The bizarre ruling that could destroy what’s left of the historic voting rights law

(Uncredited / Associated Press)

The bizarre ruling that could destroy what’s left of the historic voting rights law

Opinion piece, Elections 2024

Erwin Chemerinsky

November 29, 2023

If a decision handed down last week by a conservative federal appeals court is upheld, it will overturn what remains of one of the most important federal laws enacted in my lifetime, the Voting Rights Act.

A panel of the 8th Circuit Court of Appeals ruled that no one but the federal government can bring suit to enforce a key part of this vital statute. And as the dissenting judge noted, only 15 of the 182 successful lawsuits over the past four decades were brought solely by the Justice Department.

The Voting Rights Act has been remarkably effective in countering the numerous laws and practices that Southern states have adopted to keep Black people from voting since the end of Reconstruction. Turnout among black voters in Mississippi rose from 6

% per cent

in 1964, the year before the law came into effect, to 59

% per cent

in 1969.

Section 2 of the Voting Rights Act prohibits state and local election practices and systems from discriminating against voters of color. Congress strengthened the provision in 1982 so that proof of intentional discrimination would no longer be required; it is sufficient to demonstrate a discriminatory effect.

Even under the conservative Roberts court, Section 2 has provided crucial protections against racial discrimination in voting. For example, this year in the case of Allen v. Milligan, the court ruled that Alabama had violated the Voting Rights Act by drawing congressional districts.

Alabama has a population of 27

% per cent

Black, but the state legislature had drawn up the congressional districts so that only one of the six had a black majority. The court ruling that the districts violated Section 2 led to a new map with two districts that were majority black.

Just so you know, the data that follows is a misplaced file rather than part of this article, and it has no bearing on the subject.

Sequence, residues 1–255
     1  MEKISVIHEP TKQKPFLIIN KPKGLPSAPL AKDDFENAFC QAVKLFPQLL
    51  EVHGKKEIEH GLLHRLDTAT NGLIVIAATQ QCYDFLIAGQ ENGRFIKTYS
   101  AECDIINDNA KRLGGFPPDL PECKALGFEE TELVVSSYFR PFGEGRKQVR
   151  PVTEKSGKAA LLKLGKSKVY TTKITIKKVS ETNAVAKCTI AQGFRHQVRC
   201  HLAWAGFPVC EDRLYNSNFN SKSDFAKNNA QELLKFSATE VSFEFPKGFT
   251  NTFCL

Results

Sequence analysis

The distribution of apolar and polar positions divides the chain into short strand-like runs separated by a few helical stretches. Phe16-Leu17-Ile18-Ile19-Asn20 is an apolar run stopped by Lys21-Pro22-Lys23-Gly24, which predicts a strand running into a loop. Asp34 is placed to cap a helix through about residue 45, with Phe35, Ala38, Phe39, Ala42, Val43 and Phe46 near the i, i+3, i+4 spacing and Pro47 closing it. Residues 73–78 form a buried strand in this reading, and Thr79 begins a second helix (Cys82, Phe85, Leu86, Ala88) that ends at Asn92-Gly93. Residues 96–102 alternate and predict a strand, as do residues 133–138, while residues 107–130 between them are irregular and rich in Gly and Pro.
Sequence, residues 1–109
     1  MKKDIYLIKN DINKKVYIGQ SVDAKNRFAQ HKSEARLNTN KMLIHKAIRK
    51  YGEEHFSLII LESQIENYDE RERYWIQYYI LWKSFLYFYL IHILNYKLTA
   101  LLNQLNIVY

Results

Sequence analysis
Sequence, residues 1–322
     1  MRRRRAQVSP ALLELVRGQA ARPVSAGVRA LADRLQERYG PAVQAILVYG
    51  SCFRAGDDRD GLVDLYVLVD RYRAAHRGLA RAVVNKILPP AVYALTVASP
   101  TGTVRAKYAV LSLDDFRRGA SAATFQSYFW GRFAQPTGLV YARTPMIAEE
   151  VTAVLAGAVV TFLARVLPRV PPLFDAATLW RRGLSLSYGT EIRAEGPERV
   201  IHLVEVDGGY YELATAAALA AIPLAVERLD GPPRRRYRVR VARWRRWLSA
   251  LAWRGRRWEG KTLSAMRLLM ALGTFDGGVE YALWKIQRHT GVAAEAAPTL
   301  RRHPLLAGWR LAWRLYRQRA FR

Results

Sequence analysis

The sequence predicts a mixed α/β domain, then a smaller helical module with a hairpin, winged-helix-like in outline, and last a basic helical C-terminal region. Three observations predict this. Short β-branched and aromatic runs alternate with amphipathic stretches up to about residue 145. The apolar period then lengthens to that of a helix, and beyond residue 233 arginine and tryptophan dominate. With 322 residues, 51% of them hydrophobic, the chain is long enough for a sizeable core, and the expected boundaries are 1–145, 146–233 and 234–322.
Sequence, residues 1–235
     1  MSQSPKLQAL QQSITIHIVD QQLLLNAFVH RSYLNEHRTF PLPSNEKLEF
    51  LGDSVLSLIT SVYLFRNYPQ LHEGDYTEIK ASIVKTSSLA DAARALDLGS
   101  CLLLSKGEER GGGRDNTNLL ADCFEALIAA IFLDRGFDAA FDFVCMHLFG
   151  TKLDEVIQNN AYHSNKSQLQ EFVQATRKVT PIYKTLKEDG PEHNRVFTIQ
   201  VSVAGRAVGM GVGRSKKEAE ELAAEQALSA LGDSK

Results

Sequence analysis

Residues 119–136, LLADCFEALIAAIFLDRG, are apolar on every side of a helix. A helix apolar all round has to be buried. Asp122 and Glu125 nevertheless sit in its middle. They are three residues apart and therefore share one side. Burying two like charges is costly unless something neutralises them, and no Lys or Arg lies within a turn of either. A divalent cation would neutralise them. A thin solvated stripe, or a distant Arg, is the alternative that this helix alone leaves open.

However, under the 8th Circuits 2-1 ruling, private individuals and groups such as the ACLU and the NAACP Legal Defense Fund could not sue to enforce Section 2. Hundreds of such lawsuits have been filed, and many have been tried by the Supreme Court. among them Allen versus Milligan without being questioned on these grounds.

This latest threat to the Voting Rights Act comes a decade after the Supreme Court overruled another key aspect of the law, Section 5. Under that section, jurisdictions with a history of racial discrimination in voting were required to adopt the


approval from attorneys general before making significant changes to their election systems.

The court declared this prior approval requirement unconstitutional in 2013, with ruling 5


4 that it violated the principle of equal state sovereignty by excluding the Southern states from the restriction. States like North Carolina and Texas responded by quickly implementing discriminatory election practices that had previously been blocked.

The latest case occurred in 2021, when the Arkansas NAACP and others challenged the new state House districts. The plaintiffs alleged that Arkansas’ map diluted black voting power in violation of Section 2, and that five additional black majority districts needed to be drawn to fairly represent the state’s black population.

The majority opinion from 8th Circuit Court Judge David Stras, a Trump appointee, concludes that only the United States government can bring such lawsuits, contradicting 58 years of practice since the Voting Rights Act became law . Supreme Court Justice Clarence Thomas, for whom Stras clerked, raised this possibility in his dissent in Milligan, but the prospect of such a radical change in the law was not taken seriously by many. In fact, none of the parties in the Arkansas lawsuit even raised the issue: the U.S. District Court, where the case was first heard, improperly raised the issue on its own.

At best, the Justice Department has the resources to file only a handful of Section 2 lawsuits per year. At worst, especially under a conservative administration, it will achieve nothing.

In his dissent to the appeals court’s decision, Chief Judge Lavenski Smith correctly described the ruling as a threat of major unrest. Rights so fundamental to self-government and citizenship, he wrote, should not depend solely on the discretion or availability of government agents for protection.

As Smith noted, the Supreme Court declared more than two centuries ago, in Marbury vs. Madison, that where there is a violation of a right, there must be a remedy. If the Supreme Court does not reverse the 8th Circuit’s decision, there will be little remedy for violations of one of our most important rights.

Erwin Chemerinsky is a writer for Opinion and dean of the UC Berkeley School of Law. His latest book is Worse Than Nothing: The Dangerous Fallacy of Originalism.


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